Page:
The events of the past week have been horrific, both in Kentucky and nationally: the pipe bombs, the Kroger killings, the synagogue mass shooting. As I have reflected on them over the weekend, in the midst of the swirl of both accusations and calls for “unity,” it seems to me that there are four things we should all do:

Sit with the grieving in their grief. Before anything else, we must grieve along with those who have lost loved ones. In older times, it was common for neighbors to come to the house and sit with the grieving, to share in the pain and acknowledge our common humanity. They did not turn away from the emotional pain of grief; instead, they experienced it alongside the grieving.

While most of us cannot physically go to the side of those who are grieving from these latest crimes of hate, we can share in their grief as a nation. We can refuse to turn away, and instead sit with them in their grief, as the neighbors we are or should be.

Check our own words and actions for Othering. There is a hugely important difference between saying that the actions of another are unacceptable, and saying that person or those persons are unacceptable. Classifying a person or a group of people as The Other is the first step on the road to what we are seeing now: identify a class of people, continually attack them as bad simply for being a member of that class, and finally indicate that violence against them would be justified.

At Forward Kentucky, we regularly call out people for their actions. I try very hard, though, to prevent our commentary from devolving into Othering. It is difficult, because it is now so common, in all parts of our life. Nevertheless, it is a line that we all have to be aware of, and pull back from.

Find a way to reach across divisions. Our political system is more polarized than it has been since at least the 1930s, and possibly since the Civil War. Somehow, we have to find ways to bridge that gap, both privately and publicly. Of course, both sides have to want to bridge it – and doing so during an election season is probably unlikely. Perhaps after the midterms, though, we can all look for ways to at least dialogue, and maybe even find common ground on some things.

Call out actions and messages that foster hate. If we are going to change the culture, to change the political and social environment, we have to hold each other accountable for our words and actions. And it can’t be just to score political points; it has to come from a shared devotion to building community even in the midst of robust dialogue.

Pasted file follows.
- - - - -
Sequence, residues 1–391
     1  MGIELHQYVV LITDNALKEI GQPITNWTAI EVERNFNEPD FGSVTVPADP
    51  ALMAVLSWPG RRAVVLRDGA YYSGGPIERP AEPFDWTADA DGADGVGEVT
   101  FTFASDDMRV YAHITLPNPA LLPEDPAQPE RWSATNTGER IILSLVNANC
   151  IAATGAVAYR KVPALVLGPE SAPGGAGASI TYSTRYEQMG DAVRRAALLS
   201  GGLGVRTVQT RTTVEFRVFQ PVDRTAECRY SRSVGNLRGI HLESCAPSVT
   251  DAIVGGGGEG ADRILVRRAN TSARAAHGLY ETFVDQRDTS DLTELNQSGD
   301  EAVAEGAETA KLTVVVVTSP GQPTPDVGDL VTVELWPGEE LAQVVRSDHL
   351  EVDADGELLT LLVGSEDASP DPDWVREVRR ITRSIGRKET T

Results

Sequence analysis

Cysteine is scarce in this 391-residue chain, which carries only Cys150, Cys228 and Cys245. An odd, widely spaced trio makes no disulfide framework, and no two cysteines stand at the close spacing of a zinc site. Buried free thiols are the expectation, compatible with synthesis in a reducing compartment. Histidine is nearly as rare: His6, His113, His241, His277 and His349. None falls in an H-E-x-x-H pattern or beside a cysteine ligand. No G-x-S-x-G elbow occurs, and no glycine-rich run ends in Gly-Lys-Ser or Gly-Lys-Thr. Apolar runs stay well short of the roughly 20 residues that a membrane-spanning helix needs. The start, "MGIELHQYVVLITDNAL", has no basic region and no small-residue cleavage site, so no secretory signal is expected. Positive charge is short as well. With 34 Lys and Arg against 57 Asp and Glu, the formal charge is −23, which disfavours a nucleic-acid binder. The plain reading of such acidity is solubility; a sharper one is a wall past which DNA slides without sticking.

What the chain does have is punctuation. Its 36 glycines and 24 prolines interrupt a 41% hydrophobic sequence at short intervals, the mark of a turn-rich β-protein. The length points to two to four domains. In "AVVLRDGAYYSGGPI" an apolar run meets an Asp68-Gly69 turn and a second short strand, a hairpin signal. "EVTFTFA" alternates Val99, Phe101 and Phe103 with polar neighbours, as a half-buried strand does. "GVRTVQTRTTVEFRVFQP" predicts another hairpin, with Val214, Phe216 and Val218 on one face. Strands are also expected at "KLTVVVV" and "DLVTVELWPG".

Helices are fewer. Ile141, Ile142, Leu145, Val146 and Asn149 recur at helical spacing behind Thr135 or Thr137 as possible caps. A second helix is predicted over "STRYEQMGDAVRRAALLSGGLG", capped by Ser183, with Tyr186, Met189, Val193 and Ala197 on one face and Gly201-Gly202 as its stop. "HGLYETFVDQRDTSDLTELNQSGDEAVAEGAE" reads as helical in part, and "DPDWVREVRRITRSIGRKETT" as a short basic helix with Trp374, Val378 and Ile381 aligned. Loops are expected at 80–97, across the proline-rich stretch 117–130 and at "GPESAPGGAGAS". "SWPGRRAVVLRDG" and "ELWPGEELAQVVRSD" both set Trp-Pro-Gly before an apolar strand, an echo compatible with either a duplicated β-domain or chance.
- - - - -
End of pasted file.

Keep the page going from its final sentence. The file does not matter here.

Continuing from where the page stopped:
Let me close by saying that in the face of the emotions and forces striving for dominance in our country, I sometimes feel powerless. And after the events of the past week (and the past few years), mere words seem unworthy of the moment.

And yet, we each must do what we can to protect both our democracy and our community, local and national. As much as we may feel that we are shouting into the wind, we still must speak, because our message is vital. And who knows? Perhaps a single voice can reach a single ear and change a single heart, and change can begin.

I, for one, will keep trying to make a difference through Forward Kentucky. We are not the only voice, of course, nor even a particularly loud one – but we are still a voice, and a needed one.

Let us, then, first grieve with those who are grieving; then recommit ourselves to being community together, no matter our differences. Let us find a way to disagree, and even call each other out, without falling into Othering. And when messages of hate are put forth, let us challenge them for what they are, and make it plain that hate and its words and actions are unacceptable.


Bruce Maples
Bruce Maples has been involved in politics and activism since 2004, when he became active in the Kerry Kentucky movement. He has been President, Vice-President, and Treasurer of the Metro Democratic Club, and has served on the Democratic Party Executive Committee in Louisville. He began blogging in 2004, and currently operates two personal blogs ( and He founded Forward Kentucky in the wake of the state elections in 2015, and expanded it in the summer of 2016. He has lived in Louisville since 1992 with his wife and two sons.